Social Security’s role in America’s history can be traced back to as early as the Civil War, as we looked at last week in our post “The History of Social Security Part 1: Civil War Pensions.” As the 20th century got underway, new resources for older Americans were needed outside of Civil War pensions. Company pensions served as one way that older workers could plan for retirement. However, only about 15 percent of those in the workforce were able to receive company pensions by 1932. This option, not widely available to the majority of Americans, could not serve as a permanent solution, but it paved the way for programs to come.
The Great Depression’s Role in Social Security
The Great Depression drastically changed outlooks for older workers. According to the Social Security Administration, more than half of elderly Americans experienced financial insecurity by 1934. Many seniors were unable to support themselves. States moved quickly to establish old-age pensions, with 30 states implementing them in some form by 1935. However, these pensions were insufficient, and few seniors received any funds from them. Strict restrictions and stigma surrounding welfare made it hard for seniors to get the help they deserved.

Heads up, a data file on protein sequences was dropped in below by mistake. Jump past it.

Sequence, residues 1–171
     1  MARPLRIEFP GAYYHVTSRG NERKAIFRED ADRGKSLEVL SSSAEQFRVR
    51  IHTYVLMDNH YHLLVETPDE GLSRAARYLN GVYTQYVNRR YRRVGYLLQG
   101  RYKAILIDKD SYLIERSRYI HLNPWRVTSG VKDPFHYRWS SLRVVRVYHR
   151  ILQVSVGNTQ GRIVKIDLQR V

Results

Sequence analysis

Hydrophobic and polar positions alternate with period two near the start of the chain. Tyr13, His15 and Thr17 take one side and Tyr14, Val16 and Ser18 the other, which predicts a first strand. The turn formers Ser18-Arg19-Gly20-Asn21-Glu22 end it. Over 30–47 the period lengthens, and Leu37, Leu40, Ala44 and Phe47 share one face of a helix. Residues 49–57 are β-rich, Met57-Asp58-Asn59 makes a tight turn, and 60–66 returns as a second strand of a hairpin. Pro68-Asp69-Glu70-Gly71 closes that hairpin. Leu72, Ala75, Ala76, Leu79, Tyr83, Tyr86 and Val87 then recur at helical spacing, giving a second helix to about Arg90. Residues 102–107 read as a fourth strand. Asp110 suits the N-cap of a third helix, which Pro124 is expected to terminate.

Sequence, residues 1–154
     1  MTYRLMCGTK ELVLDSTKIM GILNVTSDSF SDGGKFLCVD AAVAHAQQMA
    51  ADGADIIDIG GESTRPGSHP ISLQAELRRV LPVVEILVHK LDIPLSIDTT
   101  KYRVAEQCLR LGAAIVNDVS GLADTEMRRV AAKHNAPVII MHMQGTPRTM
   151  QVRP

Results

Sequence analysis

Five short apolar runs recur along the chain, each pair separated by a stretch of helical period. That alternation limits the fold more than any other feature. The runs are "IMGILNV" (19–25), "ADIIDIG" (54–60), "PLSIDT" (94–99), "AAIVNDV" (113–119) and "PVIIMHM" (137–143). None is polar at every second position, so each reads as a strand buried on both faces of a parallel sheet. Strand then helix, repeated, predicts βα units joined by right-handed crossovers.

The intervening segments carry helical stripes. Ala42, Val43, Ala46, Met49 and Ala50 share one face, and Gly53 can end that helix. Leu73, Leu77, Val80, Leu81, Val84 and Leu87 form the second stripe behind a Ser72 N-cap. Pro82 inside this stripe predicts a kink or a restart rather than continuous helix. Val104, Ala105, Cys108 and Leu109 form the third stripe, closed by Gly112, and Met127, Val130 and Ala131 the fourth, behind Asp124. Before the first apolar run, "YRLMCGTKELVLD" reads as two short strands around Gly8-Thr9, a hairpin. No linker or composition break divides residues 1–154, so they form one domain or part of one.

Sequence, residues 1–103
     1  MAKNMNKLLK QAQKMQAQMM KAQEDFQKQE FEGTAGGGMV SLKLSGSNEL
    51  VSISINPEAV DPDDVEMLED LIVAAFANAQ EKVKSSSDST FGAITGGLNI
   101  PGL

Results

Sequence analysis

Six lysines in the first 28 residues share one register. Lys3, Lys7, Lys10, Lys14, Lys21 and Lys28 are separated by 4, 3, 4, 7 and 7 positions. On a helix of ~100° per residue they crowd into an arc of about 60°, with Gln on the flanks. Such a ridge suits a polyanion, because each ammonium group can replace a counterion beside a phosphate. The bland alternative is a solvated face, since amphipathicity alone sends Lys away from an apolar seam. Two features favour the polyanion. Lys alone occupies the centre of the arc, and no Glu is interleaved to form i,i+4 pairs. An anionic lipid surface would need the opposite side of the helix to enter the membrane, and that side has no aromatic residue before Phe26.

The economic downturn of the Great Depression also came with calls for change. Many of the proposals at this time called for guaranteed incomes and pensions with fewer restrictions. Though some of these proposals had thousands, if not millions, of supporters, none reached widespread popularity or approval at the polls. These radicals calls for change were met with a response from the establishment that would form the basis for Social Security.
Learn More About the History of Social Security in Part 3
Part 3, on the beginnings of what we now know as Social Security, is coming next Friday.
The Seniors Center is here to offer resources that can help seniors navigate Social Security. We are also calling on Congress to pass legislation protecting the future of this important program. We invite you to learn more about our mission today. And follow us on Twitter and Facebook to learn more about the history of Social Security!